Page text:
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Distance to native climatic niche margins explains establishment success of alien mammals

Broennimann, O., Petitpierre, B., Chevalier, M., Gonzalez-Suarez, M. ORCID:, Jeschke, J. M., Gray, S. M., Bacher, S. and Guisan, A. (2021) Distance to native climatic niche margins explains establishment success of alien mammals. Nature Communications, 12 (1). 2353. ISSN 2041-1723

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To link to this item DOI: 10.1038/s41467-021-22693-0


One key hypothesis explaining the fate of exotic species introductions posits that the establishment, in the invaded range, of a self-sustaining population can only succeed within conditions matching the native climatic niche. Yet, this hypothesis remains untested for individual release events. Using a dataset of 979 introductions of 173 mammal species worldwide, we show that climate-matching to the realized native climatic niche, measured by a new Niche Margin Index (NMI), is a stronger predictor of establishment success than most previously tested life-history attributes and historical factors. Contrary to traditional climatic suitability metrics derived from species distribution models, NMI is based on niche margins and provides a measure of how distant a site is inside or, importantly, outside the niche. Besides many applications in research in ecology and evolution, NMI as a measure of native climatic niche-matching in risk assessments could improve efforts to prevent invasions and avoid costly eradications.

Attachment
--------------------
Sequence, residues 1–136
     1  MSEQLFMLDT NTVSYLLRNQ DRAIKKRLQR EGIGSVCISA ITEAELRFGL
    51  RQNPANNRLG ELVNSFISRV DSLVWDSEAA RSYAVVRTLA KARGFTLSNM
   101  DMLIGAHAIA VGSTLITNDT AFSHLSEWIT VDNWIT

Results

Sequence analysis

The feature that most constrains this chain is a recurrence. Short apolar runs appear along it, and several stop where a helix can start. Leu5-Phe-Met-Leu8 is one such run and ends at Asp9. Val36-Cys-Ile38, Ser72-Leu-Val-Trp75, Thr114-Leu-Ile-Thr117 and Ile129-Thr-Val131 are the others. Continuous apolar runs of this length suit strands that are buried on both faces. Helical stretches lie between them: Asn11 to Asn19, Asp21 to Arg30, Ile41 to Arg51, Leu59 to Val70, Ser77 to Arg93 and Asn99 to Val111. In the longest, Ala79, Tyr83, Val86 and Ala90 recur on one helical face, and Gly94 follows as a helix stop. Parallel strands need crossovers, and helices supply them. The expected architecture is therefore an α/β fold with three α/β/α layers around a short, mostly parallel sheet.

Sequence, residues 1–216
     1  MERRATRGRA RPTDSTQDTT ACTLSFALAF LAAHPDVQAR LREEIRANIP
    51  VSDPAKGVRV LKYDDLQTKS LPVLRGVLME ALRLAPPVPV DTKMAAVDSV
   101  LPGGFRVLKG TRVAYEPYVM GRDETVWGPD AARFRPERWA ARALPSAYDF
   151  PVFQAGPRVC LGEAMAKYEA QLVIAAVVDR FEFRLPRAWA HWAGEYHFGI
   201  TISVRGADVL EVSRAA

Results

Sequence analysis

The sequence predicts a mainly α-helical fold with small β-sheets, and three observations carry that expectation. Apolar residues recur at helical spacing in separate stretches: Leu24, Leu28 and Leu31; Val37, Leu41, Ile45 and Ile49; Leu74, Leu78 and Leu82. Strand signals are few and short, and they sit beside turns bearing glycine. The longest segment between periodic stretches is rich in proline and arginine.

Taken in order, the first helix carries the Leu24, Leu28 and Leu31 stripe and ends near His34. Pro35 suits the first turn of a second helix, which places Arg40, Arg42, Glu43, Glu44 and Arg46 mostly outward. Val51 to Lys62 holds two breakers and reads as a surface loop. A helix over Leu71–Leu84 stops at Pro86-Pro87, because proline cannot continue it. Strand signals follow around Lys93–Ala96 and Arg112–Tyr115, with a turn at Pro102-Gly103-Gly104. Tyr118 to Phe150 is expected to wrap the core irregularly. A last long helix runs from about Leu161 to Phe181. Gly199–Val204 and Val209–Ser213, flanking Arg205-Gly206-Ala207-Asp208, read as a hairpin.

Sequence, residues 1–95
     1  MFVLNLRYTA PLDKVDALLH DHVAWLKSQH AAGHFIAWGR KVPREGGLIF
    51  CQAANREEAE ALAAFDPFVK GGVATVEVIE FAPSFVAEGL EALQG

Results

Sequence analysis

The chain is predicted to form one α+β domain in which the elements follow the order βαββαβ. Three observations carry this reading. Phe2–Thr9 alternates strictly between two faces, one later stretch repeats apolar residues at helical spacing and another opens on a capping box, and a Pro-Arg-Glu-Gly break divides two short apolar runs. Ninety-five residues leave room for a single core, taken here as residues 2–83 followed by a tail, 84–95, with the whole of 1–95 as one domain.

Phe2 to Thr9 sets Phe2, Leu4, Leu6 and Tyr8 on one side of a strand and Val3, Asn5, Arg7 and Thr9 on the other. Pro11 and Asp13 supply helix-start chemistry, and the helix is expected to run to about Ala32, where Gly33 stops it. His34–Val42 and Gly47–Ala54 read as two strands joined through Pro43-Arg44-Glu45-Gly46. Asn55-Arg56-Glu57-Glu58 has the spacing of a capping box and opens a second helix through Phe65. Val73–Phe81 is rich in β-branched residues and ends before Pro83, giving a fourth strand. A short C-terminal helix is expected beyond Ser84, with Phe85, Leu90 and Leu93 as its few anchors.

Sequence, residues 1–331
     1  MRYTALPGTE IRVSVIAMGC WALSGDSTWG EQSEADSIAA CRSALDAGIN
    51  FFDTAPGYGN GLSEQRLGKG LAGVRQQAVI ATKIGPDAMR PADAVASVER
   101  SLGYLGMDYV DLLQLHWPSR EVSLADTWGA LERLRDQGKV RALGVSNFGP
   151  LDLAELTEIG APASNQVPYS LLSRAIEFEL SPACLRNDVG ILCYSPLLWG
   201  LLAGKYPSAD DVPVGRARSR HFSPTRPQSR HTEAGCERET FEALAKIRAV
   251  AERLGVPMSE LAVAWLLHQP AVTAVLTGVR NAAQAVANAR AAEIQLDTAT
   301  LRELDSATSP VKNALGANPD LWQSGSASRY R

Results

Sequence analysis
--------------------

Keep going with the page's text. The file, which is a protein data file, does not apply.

Item Type:Article
Divisions:Life Sciences > School of Biological Sciences > Ecology and Evolutionary Biology
ID Code:97382
Publisher:Nature Publishing Group


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